The president's foreign policy, in my opinion, is formed in part by a perception he has that his magnetism, and his charm, and his persuasiveness is so compelling that he can sit down with people like Putin and Chavez and Ahmadinejad and that they'll find that we're such wonderful people that they'll go on with us, and they'll stop doing bad things. And it's an extraordinarily naive perception.Right. Silly, naive President Obama. Doesn't he understand that real Americans don't even care about foreign policy in the first place? And that charm and magnetism is for suckers? Heck, that's why totally-not-extraordinarily-naive Mitt Romney, while in England for a photo-op, made sure to show the president how it's done by insulting the country's security measure in place for the Olympics, thereby causing an international riff for which Mitt "Never apologize for anything" Romney had to apologize; complimenting the "backside" of 10 Downing Street, which might have been intended to be charming, until you realize saying "nice ass" isn't very presidential; and so thoroughly insulting the entire country that British conservatives called him "worse than Sarah Palin."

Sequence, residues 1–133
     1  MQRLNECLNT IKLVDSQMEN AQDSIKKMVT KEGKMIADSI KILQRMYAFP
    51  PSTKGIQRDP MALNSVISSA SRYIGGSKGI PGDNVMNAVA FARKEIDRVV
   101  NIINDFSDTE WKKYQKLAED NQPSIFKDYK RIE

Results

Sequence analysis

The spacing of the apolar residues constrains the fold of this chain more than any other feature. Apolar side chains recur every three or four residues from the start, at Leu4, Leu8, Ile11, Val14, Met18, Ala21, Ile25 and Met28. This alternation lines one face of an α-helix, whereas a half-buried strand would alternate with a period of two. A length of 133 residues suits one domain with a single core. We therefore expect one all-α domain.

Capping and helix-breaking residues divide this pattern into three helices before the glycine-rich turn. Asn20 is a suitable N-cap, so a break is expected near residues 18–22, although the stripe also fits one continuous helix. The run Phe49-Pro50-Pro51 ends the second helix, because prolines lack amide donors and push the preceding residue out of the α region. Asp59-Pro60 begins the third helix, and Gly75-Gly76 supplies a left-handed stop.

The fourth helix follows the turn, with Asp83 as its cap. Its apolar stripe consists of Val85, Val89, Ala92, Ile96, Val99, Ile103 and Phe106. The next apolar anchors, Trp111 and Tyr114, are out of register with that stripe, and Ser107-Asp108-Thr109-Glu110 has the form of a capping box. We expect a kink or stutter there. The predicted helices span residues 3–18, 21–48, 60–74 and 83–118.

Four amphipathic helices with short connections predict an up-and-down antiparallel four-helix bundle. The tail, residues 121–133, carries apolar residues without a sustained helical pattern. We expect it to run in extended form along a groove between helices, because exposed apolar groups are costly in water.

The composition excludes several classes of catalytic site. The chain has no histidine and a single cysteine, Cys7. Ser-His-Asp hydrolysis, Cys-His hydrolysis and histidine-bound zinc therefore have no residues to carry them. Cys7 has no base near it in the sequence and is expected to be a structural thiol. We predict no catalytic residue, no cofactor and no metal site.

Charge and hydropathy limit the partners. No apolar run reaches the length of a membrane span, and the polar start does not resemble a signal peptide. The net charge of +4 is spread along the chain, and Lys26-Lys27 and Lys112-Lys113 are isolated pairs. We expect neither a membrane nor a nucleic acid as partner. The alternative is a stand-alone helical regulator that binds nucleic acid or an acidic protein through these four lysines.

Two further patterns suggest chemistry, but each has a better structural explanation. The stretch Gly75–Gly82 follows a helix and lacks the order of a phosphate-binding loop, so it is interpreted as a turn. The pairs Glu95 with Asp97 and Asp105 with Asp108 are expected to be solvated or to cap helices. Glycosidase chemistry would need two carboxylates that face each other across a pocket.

At least no one accused him of being charming! But that's just his plan for how to deal with our friends and allies, apparently. He'll be taking a much bolder approach with our not-friends. In fact, when Mitt Romney is—pause to laugh—president, he'll call those countries names like "currency manipulator" and "cheater," except in more complicated situations, where the obvious not-extraordinarily-naive move is to simply "recognize that this is going to remain an unsolved problem…and we kick the ball down the field and hope that ultimately, somehow, something will happen and resolve it."
Do nothing and hope something will change? Who's being naive, Mitt?